Should not other animals who feed at ground level, are vulnerable to the big cats, and are bombarded by the same cosmic radiation find some hope in achieving a more giraffe-like stature?  Interestingly enough, there are others that do feed from trees.  The gerenuk gazelle of Africa has the longest neck in the family of gazelles, has a long tongue and eats leaves from trees while standing on its hind legs but lacks the bodily essentials required for a "giraffe type" neck.  The markhor goat of Afghanistan climbs trees as high as 25 feet to eat the leaves.  Other mammals do desire the leaves of trees but not one of them will ever become a giraffe and the giraffe most certainly did not come from any other "less-than-giraffe" animal.  Moreover the fossil record is void of any short necked or medium necked giraffes.  Instead of a fossil record full of random changes as speculated by Charles Darwin and others, the past confirms a continuous world, seen in the present, and full of design, purpose and interdependence.  These three (design, purpose, and interdependence) are the defining evidence for an all-wise creative wisdom coupled with the power to accomplish such wisdom, with majesty.

                Many evolutionists acknowledge that the giraffe, and most of the universe, is dripping with evidence of these three.  The ardent evolutionist, Francis Hitching, sees the problem and concludes that "We cannot know  that conditions were the same in the past, but the 'need to survive by reaching ever higher for food' is, like so many Darwinian explanations of its kind, little more than a post hoc speculation."5 Shouldn't these scientific observations lead one to know that an all-wise Creator "made the beasts of the earth after their kind"6 ?

                This very same Creator also used the very same chemicals of the earth to create mankind, but with one major difference.  He left a God size vacuum in the heart, that could only be filled with a God size Spirit.  This was to give mankind, individually and independently, the choice to become a completed creature while experiencing life, with all its joys and sorrows.  The evidence is clear that man is created.  The evidence is just as clear that "any man who is in Christ is a new creation"7.  When God's Holy Spirit fills the void in the heart, following one's sincere and humble prayer of faith, the past, with all its sin and transgressions, will be little more than a memory of evolved wickedness.  The new creature, complete with its everlasting soul and spirit, will verify that "the past has no claim on the present, but the present is key to the future".  Those who accept God's promised gift, graciously wrapped in the life of the Lord Jesus Christ, do become complete for Heaven.  Those who resist the truth with a stiff neck and a hard heart will spiral down to the vacuum of Hell.  Don't let this day vanish into your past without asking the Creator to "create in me a clean heart, O God; and renew a right spirit within me."8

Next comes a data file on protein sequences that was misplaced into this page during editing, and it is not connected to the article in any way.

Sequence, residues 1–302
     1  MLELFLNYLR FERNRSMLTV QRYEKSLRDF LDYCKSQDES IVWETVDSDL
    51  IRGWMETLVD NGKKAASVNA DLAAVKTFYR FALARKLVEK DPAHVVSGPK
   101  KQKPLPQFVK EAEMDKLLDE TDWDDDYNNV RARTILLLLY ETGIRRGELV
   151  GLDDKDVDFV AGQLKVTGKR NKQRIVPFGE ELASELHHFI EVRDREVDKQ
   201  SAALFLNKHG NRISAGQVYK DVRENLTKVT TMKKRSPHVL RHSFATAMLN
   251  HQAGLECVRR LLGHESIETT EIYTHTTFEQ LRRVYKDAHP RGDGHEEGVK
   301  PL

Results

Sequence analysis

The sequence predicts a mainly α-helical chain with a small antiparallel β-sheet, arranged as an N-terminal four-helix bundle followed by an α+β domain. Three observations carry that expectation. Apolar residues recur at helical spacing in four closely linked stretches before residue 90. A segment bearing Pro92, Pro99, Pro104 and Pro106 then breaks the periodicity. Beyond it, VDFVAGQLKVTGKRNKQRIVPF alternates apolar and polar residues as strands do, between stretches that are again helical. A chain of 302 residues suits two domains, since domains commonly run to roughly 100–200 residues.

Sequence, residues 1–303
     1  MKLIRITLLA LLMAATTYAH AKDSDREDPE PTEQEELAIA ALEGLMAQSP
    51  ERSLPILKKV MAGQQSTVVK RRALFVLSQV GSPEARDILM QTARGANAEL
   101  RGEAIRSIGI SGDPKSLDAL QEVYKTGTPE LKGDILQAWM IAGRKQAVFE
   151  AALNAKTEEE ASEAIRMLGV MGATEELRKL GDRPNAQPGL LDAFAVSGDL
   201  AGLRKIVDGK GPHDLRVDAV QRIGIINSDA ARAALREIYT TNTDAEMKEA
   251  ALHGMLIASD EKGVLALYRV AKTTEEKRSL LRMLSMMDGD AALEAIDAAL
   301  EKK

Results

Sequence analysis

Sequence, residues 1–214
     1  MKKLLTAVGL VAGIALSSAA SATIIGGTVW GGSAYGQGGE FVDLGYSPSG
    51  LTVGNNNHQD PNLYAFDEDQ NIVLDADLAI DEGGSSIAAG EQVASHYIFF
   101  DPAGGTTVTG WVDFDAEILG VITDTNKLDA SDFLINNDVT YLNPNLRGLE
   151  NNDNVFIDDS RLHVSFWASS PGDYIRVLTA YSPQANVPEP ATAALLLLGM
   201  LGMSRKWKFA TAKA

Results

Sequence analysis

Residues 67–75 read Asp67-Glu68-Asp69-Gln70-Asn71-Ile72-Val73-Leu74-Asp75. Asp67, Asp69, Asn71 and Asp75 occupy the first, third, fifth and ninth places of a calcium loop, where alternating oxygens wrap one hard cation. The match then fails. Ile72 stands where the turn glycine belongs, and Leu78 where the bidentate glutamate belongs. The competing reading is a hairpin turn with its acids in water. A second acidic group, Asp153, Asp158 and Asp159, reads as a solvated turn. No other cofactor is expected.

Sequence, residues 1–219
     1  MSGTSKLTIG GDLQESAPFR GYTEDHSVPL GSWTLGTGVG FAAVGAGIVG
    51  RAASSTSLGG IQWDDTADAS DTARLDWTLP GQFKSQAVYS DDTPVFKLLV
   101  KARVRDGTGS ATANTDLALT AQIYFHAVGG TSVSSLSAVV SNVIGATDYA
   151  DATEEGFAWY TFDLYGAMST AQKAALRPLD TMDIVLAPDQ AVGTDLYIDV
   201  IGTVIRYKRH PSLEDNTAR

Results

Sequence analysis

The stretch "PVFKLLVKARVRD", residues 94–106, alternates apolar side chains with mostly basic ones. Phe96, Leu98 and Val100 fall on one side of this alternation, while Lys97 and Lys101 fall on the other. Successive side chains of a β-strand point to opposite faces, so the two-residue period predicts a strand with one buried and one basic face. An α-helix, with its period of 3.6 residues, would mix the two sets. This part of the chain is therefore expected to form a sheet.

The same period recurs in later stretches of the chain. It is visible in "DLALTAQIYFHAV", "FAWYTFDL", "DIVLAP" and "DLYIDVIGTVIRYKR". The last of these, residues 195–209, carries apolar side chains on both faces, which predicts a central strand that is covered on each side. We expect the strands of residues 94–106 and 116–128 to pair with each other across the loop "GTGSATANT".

The conclusion of the matter is this; "You are worthy, O Lord, to receive glory and honor and power; for You created all things, and by Your will they were created and do exist."9


1) Alan R. Hargens, Developmental Adaptations to Gravity / Cardiovascular Adaptations to Gravity in the Giraffe, Life Sciences Division, NASA Ames Research Center, CA 1994 pg. 9

2) Percival Davis & Dean H. Kenyon, Of Pandas and People, Haughton Publishing Company, Dallas, TX,  1989 pg. 71.

3) Ref. 1, pg. 12

4) Helen Roney Sattler, Giraffes, the Sentinels of the Savannas, Lothrop, Lee, & Shepard Books, New York, 1979, pg. 22.

5) Francis Hitching, The Neck of the Giraffe, Where Darwin Went Wrong, Ticknor & Fields, New York, 1982 pg. 179.

6) The Holy Bible, Genesis 1:25a

7) The Holy Bible, II Corinthians 5 :17a

8) The Holy Bible, Psalms 51:10

9) The Holy Bible, Revelation 4 :11